By Akeem Lasisi
Several top-flight Nigerian women recently gave the hope of better things to come among the womenfolk in Nigeria. It was at the 2019 edition of the Arise Women Conference. Based on the quality of engagement and glitz at the event, it was a time some of us men would love to have naturally been of the other gender. Besides, the resplendent colours the gathering exuded, with beauty written all over the faces and bodies of the participants, made my head swell as I watched the programme on TV.
Among other leading women, some governors’ wives spoke inspiringly at the event where even Mrs Aisha Buhari, wife of President Muhammadu Buhari, was also represented. Among such were the First Ladies of Lagos, Ogun, Ekiti and Akwa Ibom states – Mrs Joke Sanwo-Olu, Bamidele Abiodun, Bisi Fayemi and Martha Emanuel, respectively. When one of them was giving her address, however, she gave me cause for grammatical reflection. She said: “Women have many potentials.”
Philosophically and realistically speaking, that is a fantastic observation, I thought to myself. Women have incredible talents and can be so resourceful that any country – like Nigeria – not adequately tapping these is denying itself a lot of benefits. But, beyond meaning, there is a grammatical issue with the expression. Many potentials? No.
The noun, ‘potential’, is an uncountable noun, meaning that it rejects being pluralised by adding ‘s’ to it. The way we treat water, air, information etc. is the way we are supposed to treat it. You know, no matter how stuffy a room is, you won’t say, ‘We need a lot of airs.’ Also, you should know that there is a grammatical blunder if someone says, ‘I got many informations from the man.’ This exactly is the status of ‘potential’ though many, unfortunately, treat it as a countable noun.
The Oxford Dictionary defines ‘potential’ as someone’s or something’s ability to develop, achieve or succeed. It then gives the following examples:
The region has enormous potential for economic development.
I don’t think I’m achieving my full potential in my present job.
I think this room has got a lot of potential.
Also noting that ‘potential’ is uncountable, the Cambridge Dictionary defines it as the possibility of something happening or being developed or used:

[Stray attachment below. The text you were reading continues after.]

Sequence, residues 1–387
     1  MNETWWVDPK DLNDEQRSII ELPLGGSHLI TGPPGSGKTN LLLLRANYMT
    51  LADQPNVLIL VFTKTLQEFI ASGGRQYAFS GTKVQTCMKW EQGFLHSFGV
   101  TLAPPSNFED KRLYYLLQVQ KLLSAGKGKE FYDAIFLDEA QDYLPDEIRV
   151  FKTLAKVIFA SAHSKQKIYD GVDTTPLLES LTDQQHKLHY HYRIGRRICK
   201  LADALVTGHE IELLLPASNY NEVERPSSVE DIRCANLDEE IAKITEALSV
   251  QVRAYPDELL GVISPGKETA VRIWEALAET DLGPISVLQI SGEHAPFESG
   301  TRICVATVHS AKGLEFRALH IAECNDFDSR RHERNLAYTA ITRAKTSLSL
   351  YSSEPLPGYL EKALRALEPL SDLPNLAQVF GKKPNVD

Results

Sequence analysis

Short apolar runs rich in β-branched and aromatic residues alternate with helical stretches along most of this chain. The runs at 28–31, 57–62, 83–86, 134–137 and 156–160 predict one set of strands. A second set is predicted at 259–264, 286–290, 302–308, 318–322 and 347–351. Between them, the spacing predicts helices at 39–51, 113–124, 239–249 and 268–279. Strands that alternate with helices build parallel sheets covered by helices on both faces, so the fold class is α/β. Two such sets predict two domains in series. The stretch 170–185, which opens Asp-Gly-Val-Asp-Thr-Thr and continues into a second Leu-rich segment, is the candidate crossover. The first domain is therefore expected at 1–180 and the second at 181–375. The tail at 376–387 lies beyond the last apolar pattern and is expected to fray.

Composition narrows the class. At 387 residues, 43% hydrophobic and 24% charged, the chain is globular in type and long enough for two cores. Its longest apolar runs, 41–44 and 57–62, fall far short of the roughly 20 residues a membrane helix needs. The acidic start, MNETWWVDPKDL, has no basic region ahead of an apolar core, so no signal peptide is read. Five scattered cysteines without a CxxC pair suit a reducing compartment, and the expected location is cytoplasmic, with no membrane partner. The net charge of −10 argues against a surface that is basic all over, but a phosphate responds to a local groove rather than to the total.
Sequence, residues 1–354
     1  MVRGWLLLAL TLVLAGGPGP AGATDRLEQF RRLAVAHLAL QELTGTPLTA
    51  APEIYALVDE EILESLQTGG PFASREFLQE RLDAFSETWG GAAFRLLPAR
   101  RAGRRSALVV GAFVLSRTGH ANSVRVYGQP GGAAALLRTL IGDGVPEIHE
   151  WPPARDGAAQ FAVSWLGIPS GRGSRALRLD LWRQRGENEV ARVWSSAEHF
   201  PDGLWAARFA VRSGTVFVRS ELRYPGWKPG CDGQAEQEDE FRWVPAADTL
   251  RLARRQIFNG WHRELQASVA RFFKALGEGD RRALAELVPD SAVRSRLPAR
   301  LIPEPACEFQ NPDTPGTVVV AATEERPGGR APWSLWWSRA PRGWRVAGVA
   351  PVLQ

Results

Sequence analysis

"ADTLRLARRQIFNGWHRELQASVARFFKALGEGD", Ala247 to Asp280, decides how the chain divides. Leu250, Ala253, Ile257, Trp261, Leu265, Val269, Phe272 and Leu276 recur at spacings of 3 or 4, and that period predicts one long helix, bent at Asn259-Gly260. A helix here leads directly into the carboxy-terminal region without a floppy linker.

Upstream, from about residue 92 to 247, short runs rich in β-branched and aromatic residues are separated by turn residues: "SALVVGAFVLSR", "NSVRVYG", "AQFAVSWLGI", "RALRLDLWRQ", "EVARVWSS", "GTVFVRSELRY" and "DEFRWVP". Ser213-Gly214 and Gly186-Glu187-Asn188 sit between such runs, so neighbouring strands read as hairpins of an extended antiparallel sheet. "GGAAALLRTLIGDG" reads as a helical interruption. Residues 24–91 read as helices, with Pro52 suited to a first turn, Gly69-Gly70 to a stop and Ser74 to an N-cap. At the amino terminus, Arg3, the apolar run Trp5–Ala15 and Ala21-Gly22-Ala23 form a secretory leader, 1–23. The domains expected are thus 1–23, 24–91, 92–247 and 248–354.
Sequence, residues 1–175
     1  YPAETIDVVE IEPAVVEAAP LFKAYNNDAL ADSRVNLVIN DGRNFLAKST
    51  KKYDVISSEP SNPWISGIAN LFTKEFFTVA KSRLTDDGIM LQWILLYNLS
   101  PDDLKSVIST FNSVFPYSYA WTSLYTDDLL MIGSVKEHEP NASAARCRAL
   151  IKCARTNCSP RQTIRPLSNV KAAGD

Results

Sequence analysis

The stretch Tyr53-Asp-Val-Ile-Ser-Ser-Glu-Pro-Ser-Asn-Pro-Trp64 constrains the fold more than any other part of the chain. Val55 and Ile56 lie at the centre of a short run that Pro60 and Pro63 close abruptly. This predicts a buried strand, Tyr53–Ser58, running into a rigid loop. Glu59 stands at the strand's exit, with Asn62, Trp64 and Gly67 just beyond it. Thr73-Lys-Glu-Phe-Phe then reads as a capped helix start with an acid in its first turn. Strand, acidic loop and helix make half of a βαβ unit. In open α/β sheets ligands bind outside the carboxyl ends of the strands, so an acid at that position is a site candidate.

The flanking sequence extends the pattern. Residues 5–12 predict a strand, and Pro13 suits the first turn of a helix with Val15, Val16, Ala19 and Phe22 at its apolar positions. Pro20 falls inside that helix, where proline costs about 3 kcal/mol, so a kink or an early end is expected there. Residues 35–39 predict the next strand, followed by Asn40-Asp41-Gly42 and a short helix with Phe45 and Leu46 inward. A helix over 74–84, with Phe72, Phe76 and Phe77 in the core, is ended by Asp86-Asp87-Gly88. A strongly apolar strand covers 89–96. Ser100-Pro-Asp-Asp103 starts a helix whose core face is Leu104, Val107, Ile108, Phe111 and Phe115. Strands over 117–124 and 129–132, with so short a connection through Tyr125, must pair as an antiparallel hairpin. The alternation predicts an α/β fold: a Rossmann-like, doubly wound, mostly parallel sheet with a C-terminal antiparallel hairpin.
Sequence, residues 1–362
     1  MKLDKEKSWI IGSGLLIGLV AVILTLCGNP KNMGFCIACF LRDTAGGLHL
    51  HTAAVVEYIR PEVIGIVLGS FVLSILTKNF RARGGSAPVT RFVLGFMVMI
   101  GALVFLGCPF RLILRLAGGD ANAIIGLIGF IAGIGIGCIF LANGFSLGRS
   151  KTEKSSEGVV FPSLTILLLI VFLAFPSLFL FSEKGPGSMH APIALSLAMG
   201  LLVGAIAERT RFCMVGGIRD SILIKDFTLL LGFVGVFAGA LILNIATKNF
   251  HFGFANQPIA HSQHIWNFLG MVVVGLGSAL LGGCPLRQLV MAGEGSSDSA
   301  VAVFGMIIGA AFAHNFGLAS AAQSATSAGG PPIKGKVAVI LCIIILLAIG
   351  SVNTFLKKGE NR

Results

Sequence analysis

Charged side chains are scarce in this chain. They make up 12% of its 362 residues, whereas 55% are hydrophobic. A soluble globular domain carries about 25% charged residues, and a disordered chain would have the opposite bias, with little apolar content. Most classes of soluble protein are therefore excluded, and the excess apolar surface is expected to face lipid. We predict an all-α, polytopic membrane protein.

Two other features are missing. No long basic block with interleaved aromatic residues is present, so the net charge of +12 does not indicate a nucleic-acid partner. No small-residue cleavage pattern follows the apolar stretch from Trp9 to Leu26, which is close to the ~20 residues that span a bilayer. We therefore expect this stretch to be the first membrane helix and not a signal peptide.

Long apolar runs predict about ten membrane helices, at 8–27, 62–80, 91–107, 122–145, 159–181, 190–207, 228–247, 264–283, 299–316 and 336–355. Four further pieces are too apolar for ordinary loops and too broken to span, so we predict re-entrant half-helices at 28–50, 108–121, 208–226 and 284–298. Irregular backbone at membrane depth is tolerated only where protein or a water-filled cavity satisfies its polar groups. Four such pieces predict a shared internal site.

The European marketplace offers excellent potential for increasing sales.
The implication is that, apart from the fact that you do not add ‘s’ to the word, there are some articles and other grammatical markers that cannot go with it. These include ‘a’ and ‘many’:
The woman has a potential to excel. (Wrong)
Women have many potentials to excel. (Wrong)
Nigeria has a lot of potentials to be great. (Wrong)
The woman has the potential to excel. (Correct)
Women have a lot of potential to be great. (Correct)
Nigeria has a lot of potential to be great. (Correct)
A point to, again, note from the above examples is that although ‘a’ and ‘many’ are naturally odd (indeed wrong) with ‘potential’, ‘a lot of’ and other elements that work with uncountable nous are permitted with it. These include ‘little’ and ‘much’:
We got a lot of information from him.
He didn’t give us much information.
The information he gave was so little that it did not make any sense.
The group has a lot of potential to excel.
They exhibited much potential.
There is little or no potential in the project.
If you must use the plural marker with the kind of promise that ‘potential’ means, then go for ‘potentialities’:
There is great potentiality in the proposal he presented. (Correct)
Nigerian women have a lot of potentialities. (Correct)
I can identify many potentialities in the idea. (Correct)
Remember: the faithful, not the faithfuls
Another word that many erroneously pluralise is faithfuls in the expression, ‘the faithful’, meaning followers of or believers in a particular religion. As a countable noun, ‘faithful’ works without ‘s’, as in when it refers to those who support someone or something: